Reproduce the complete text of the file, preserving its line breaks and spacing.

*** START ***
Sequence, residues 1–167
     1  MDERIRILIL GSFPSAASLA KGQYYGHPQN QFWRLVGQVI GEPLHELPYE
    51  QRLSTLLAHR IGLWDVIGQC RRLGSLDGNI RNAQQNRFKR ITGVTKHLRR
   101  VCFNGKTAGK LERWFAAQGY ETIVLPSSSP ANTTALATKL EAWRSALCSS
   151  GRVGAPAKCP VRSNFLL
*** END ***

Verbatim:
Sequence, residues 1–167
     1  MDERIRILIL GSFPSAASLA KGQYYGHPQN QFWRLVGQVI GEPLHELPYE
    51  QRLSTLLAHR IGLWDVIGQC RRLGSLDGNI RNAQQNRFKR ITGVTKHLRR
   101  VCFNGKTAGK LERWFAAQGY ETIVLPSSSP ANTTALATKL EAWRSALCSS
   151  GRVGAPAKCP VRSNFLL